In the end, or maybe the beginning, everyone who writes about life in the city ends up writing about Jane Jacobs, the activist and theorist whose work has become synonymous with urban issues like gentrification and preservation, renewal and regeneration.
The title of her breakthrough work in the early nineteen-sixties,, provides a neat summary of her views. At the time it offered a sharp rejection of the notion of sweeping destructive urban clearance as progressive: Jacobs argued in favour of maintaining existing communities and neighbourhoods instead.
One of the mantras that people associate with Jacobs is ‘eyes on the street’ — the importance of having life lived in the streets of a town or city, with people walking and shopping and meeting and chatting. Not sitting in cars and shuttling from one place to the other, but using the streets as living areas and not just facilitating the flow of traffic.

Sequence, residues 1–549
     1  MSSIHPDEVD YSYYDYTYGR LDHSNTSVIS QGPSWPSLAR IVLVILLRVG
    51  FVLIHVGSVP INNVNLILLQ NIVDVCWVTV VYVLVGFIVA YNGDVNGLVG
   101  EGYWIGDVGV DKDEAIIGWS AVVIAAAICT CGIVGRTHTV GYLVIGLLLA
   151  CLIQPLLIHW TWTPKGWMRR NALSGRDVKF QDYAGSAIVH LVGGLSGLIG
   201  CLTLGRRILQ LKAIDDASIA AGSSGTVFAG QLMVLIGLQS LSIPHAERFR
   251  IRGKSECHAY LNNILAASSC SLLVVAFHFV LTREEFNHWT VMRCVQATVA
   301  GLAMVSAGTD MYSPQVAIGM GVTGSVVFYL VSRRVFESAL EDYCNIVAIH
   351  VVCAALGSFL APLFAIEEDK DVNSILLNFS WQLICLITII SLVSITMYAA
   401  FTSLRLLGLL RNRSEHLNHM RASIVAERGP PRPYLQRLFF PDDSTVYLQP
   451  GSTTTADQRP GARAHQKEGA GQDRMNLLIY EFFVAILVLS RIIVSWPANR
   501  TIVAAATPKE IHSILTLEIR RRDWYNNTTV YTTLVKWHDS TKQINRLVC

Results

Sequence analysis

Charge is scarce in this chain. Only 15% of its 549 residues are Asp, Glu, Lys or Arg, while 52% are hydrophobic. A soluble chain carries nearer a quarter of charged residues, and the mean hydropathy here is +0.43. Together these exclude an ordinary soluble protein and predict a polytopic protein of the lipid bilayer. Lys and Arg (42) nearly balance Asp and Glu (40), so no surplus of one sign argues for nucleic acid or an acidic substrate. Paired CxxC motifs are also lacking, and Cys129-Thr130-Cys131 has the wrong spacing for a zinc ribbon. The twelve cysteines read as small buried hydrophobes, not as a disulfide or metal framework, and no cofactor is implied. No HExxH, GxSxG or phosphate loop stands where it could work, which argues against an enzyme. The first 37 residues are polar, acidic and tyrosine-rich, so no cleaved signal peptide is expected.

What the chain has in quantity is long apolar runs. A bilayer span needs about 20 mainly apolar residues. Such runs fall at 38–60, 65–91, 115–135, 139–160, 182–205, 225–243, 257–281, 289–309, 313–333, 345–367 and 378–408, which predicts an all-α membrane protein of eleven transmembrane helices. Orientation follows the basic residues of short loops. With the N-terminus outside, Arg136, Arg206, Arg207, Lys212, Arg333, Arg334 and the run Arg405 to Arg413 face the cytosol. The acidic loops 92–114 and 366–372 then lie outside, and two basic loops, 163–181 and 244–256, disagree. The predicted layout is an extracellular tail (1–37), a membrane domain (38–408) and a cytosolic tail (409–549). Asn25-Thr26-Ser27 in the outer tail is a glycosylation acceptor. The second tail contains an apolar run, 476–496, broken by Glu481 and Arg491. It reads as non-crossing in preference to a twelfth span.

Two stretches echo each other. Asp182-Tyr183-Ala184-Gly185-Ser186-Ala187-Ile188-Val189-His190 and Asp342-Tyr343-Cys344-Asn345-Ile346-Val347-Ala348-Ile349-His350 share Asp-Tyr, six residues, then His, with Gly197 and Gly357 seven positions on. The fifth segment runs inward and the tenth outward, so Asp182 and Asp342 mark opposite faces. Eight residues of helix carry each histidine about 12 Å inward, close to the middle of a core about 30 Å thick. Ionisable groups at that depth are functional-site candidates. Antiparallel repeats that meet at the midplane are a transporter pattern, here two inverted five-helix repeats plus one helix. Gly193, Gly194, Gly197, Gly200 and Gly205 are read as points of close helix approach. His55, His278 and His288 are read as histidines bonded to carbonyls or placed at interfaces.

Using the street as a conduit from one bland, soulless zone to another bland, soulless zone is precisely the opposite of Jacobs’ theory that having people out on the street creates a community, helps the inhabitants build closer ties, makes the environment safer and instils a greater commitment to the community among its inhabitants.
Unfortunately, modern life had already been inclined towards pods and bubbles, towards a self-contained insulation, long before we were hit by the pandemic, which has only reinforced that inclination. Much as we’d like to revert to a happier, simpler time when everyone was in and out of their neighbours’ houses, that time is gone and unlikely to return.
But that’s not to say we need give up on building communities. The difference is that we need to do that work consciously rather than hope it’ll occur organically, as it did decades ago.
Here’s a suggestion we could borrow from London, one which involves an obvious meeting point, a place with huge potential for creating networks of mutual support and community: the school drop-off.
However, rather than people meeting and chatting at such places and building those networks, we have at many schools a toxic intersection of selfish and dangerous parking, disregard for pedestrians, traffic problems, raised blood pressure, carbon emissions, simmering conflict between residents and drivers . . . the combination of car horns, brake squeals and grinding gears is hardly the auditory backdrop to a strong community.